Genesis Martial Arts is one of the founding schools behind the Midwest Taekwondo League. The Midwest Taekwondo League is the first martial arts league in the world to spar exclusively with 20/20 Armor and is spreading like wildfire throughout the United States. Genesis are known for their creativity, ingenuity and passion for the sport. They also, as the name indicates, have a deep and sincere love of video games.
Genesis Martial Arts owner Dave Metz, reached out to us to explain that he’d found a new use for the equipment that might get gamers excited. It certainly got us excited.
“I created a new game last night during our competition team training,” said Metz. “They begged me to not do ladder drills. It was some kind of cross country week in gym class for them. Instead of being inflexible, I thought on my feet as I always do! Does anyone remember “Oddball” from Halo?”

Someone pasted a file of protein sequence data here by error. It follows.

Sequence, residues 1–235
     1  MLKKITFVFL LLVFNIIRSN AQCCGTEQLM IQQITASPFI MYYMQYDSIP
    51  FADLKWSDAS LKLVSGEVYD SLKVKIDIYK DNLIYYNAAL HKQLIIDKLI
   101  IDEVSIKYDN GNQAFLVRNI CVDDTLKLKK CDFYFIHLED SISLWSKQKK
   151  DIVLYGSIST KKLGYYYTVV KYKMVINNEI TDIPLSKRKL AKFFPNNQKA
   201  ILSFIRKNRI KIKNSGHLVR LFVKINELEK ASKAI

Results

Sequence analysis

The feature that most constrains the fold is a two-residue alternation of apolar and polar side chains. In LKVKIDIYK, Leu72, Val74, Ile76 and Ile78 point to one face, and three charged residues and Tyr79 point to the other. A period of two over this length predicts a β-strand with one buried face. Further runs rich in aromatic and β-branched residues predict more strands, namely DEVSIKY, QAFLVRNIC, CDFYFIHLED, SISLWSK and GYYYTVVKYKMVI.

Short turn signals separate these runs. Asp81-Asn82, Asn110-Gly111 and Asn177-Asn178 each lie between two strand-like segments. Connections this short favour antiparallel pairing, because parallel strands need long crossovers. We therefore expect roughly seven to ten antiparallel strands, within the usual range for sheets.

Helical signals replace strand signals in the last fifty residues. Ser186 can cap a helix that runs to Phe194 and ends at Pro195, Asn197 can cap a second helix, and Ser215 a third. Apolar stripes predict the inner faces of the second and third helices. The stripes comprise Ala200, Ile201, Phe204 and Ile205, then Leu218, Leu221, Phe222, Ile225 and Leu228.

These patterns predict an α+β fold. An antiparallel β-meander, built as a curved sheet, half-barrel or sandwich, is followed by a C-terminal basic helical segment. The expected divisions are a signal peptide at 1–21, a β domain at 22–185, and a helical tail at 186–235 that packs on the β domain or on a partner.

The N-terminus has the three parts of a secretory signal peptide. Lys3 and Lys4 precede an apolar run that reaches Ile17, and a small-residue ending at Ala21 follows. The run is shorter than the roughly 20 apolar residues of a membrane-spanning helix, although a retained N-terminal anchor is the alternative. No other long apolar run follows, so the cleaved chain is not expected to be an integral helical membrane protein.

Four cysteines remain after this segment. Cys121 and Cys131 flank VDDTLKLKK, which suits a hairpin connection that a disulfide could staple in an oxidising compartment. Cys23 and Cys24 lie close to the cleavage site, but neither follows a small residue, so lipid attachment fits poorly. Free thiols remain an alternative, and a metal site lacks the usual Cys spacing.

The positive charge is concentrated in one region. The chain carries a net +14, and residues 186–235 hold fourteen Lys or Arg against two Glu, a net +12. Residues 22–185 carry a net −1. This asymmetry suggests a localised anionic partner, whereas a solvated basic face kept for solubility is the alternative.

Oddball is an incredibly fast paced and popular game within Halo. The goal is to maintain possession of the skull for as long as possible. Since a skull was unavailable, Genesis improvised.
“Well, we played real life Oddball with a Nerf football and 20/20 Armor on survival mode,” explained Metz. “If you have the ball, you are wanted. If your hogu gets punched or slapped once, you can dump the ball but it has to hit someone or you are still the Oddball and still fair game for punches or slaps. If you hit someone else with the ball, they have to pick it up and become the Oddball until they are punched or slapped on the hogu. Eliminated players become “Guardians” and can still punch or slap the player who is the Oddball. Keep going until one is left standing! We played with six players (all of our 20/20 units) and it was a blast! Best part is they had so much fun they forgot they were tired. These are kids who have been sparring and doing drills on 20/20 for nearly a year… and they were crazy excited over this new game.”
Metz went on to explain that the game taught martial arts in a way the kids could understand. The game emphasizes speed, conditioning and tactical awareness.
“We might just have to get more hogus,” said Metz. “People loved it that much.”
Do you have an idea that will let your students play video games in real life and learn valuable martial arts skills? Send us your ideas. We love the way you think.